WASHINGTON/PARIS (Reuters) – An anti-stall system at the center of a probe into the crash of a Boeing 737 MAX jetliner in Indonesia five months ago was also at play when an identical aircraft crashed in Ethiopia earlier this month, three people briefed on the matter said.
FILE PHOTO: A Boeing 737 MAX 8 takes off during a flight test in Renton, Washington, January 29, 2016. REUTERS/Jason Redmond/File Photo
Data pulled from the Ethiopian Airlines flight recorder suggests the so-called MCAS system, which pushes the nose of the jet downwards, had been activated before the jet ploughed into a field outside Addis Ababa on March 10, the people said, speaking on condition of anonymity ahead of an interim official report.
Boeing and the Federal Aviation Administration declined to comment on the data, first reported by the Wall Street Journal.
It is the second related piece of evidence to emerge from the black boxes of Ethiopian flight 302 after an initial sample of data recovered by investigators in Paris 11 days ago suggested similar “angle of attack” readings to the first crash.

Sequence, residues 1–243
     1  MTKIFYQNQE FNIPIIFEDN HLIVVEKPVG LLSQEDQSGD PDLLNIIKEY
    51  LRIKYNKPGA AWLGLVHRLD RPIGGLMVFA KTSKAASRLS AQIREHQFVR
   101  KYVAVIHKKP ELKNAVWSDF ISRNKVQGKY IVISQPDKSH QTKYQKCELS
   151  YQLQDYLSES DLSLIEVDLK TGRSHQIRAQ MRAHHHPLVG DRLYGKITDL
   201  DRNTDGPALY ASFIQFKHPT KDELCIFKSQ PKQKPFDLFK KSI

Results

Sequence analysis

These initial airflow readings from the Ethiopian jet, first reported by Reuters, refer to stall-related information needed to trigger the automated nose-down MCAS system.
The system is designed to be activated only when the angle of attack – measuring the way the wing cuts through the air – has become too high to avoid the plane stalling or losing lift.
However, it was not immediately clear whether the system on the Ethiopian jet was responding to faulty sensor data, as in the case of the earlier crash, or genuine stall indications.
Ethiopian, French and U.S. officials have said there are similarities between the two accidents, which led to the worldwide grounding of the recently introduced 737 MAX.
An Ethiopian-led investigation is trying to establish whether the system overpowered the pilots, a leading scenario in the Lion Air crash, and what action was taken by the crew.
Boeing has suggested using two existing cut-out switches could have prevented the Lion Air disaster, but it has also announced proposals to beef up the system and improve training.
Two of the people briefed on the matter said they presumed that the Ethiopian Airlines pilots did not hit the cut-out switches based on the airplane’s speed and fatal descent, but could not confirm that the data established that.
Reporting by David Shepardson, Tim Hepher, Editing by Sarah White